The thing about monopolies are, like it or not, you’re stuck with it. Most times, there are no gripes, but when you have a captive format involving the payment for essential services and having the need to store that payment in advance, then complaints usually come about.
Such is the case with Touch ‘n Go. While it has undoubtedly unified payment for public transportation and toll collection (and private parking, for the most), the system, most notably in its physical card form, relies on one placing a monetary amount ahead of use.
Not everyone is a fan of this, notably those who pay road tolls, with the idea that they’d rather keep the money to themselves and fork it out only when they have to use it. The lack of a pay-as-you-use (or go) alternative (or for that matter, any alternative since cash payment was abolished), has meant having someone else keeping your money for your use at some point in the future.
This is set to change with the implementation of a multi-lane free flow (MLFF) toll collection system, which could be introduced ahead of its planned deployment in 2025. The barrier-free tolling system – utilising a gantry structure without designated booths or lanes – is also set to end the monopoly of Touch ‘n Go (TnG) for toll payment when it arrives.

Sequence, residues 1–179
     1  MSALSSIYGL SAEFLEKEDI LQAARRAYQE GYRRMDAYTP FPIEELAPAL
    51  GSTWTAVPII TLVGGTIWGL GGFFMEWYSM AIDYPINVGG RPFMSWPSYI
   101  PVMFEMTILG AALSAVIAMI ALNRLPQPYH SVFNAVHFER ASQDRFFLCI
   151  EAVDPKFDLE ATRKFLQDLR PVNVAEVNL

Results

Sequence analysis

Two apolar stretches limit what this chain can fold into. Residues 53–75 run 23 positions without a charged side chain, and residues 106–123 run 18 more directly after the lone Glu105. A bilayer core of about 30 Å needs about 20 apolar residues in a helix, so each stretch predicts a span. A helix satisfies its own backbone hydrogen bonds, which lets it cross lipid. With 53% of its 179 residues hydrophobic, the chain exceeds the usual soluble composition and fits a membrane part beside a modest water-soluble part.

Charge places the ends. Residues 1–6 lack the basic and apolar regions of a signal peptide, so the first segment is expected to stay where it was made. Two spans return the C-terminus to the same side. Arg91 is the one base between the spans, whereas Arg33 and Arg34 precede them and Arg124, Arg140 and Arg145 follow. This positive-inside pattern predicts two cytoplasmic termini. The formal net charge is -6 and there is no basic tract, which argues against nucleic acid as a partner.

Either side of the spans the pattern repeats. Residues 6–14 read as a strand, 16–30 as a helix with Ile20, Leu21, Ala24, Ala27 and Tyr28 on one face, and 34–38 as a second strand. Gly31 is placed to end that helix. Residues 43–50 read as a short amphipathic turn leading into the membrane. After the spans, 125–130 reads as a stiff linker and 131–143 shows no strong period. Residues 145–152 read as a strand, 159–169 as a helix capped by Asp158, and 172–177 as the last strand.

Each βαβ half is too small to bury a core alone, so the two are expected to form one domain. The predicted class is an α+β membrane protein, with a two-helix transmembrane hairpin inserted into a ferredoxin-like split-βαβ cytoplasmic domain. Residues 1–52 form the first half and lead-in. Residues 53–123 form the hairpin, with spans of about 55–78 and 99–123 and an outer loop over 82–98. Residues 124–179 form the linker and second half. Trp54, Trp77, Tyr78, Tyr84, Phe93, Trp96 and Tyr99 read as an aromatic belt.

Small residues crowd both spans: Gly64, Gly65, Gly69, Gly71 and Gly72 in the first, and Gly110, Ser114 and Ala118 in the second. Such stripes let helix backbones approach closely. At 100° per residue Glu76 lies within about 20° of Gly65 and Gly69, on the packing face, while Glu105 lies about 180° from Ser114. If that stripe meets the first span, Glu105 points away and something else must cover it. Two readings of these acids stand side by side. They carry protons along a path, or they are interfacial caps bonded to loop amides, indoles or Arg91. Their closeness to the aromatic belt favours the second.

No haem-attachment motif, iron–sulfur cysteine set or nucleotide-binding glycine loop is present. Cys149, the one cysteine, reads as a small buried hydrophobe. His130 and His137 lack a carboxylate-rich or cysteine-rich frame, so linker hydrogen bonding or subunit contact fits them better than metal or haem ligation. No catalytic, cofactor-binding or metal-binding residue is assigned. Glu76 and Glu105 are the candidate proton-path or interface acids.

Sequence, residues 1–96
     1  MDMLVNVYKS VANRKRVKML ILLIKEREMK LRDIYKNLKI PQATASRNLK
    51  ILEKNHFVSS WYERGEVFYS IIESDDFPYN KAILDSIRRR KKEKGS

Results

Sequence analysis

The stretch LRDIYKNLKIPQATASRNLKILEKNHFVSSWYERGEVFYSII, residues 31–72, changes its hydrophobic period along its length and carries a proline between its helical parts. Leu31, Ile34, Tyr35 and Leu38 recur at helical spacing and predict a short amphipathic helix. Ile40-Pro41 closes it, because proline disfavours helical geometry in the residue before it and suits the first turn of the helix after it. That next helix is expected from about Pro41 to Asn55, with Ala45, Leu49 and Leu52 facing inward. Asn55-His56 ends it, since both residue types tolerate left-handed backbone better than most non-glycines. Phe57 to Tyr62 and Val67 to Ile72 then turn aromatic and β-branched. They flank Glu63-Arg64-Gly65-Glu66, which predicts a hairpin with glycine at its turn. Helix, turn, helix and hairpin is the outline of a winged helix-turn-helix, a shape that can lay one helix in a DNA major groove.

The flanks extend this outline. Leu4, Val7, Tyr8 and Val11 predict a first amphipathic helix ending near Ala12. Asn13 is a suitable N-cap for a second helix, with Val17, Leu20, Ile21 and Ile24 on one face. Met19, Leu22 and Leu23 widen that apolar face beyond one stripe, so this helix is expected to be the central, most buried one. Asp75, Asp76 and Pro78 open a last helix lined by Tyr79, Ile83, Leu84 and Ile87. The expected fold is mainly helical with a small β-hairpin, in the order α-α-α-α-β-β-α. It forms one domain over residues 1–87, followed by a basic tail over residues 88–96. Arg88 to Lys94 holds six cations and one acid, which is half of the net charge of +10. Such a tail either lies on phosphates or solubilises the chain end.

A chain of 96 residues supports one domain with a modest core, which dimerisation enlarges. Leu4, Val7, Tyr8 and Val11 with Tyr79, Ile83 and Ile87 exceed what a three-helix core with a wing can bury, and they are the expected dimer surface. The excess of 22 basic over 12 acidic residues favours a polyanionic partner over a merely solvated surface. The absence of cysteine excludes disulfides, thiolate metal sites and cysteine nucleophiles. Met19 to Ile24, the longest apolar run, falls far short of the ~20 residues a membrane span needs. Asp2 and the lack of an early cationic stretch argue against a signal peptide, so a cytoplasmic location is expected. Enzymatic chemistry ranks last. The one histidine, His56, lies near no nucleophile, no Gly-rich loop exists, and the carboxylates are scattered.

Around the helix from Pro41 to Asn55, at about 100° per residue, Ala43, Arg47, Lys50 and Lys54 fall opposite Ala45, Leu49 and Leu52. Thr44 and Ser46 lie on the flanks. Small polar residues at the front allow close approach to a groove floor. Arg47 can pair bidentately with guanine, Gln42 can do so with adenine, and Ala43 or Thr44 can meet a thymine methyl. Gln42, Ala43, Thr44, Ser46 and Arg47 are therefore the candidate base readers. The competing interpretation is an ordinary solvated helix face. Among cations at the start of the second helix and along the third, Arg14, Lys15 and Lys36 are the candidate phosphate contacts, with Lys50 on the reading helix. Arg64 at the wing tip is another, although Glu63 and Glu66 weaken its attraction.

With MLFF, users will have the freedom to choose how they want to make their toll payment, allowing pay-as-you-use payments to be carried out. Previous works minister Datuk Seri Fadillah Yusof had indicated that the public would be free to use any digital mode of payment, including credit cards or any kind of (electronic) payment system, as long as there was a link available on a particular highway.
While the government has changed, the multi-mode toll payment format remains very much on the cards, and a pilot project to trial these payment options is set to come about in the future. This was indicated by present works minister Datuk Seri Alexander Nanta Linggi during the launch of the TNB Electron DC charging network at Ayer Keroh R&R yesterday.
He said that talks on an open payment system between the works ministry and the ministry of finance as well as related concessionaires are being ramped up, and that a pilot project to enable payments through various digital payment providers would be conducted as soon as possible.
“We will do it as soon as possible (because) we have to test the system first to see if it can be used throughout the country. Discussions have also been made with the ministry of finance because it will involve financial implications, and after all parties are satisfied with the system, a decision will be made,” he said.
No timeline for the pilot project, or the forms of digital payment, were revealed. In any case, do you think the plan to introduce alternative digital payment options for toll collection should be expanded to public transport? Share your thoughts with us.
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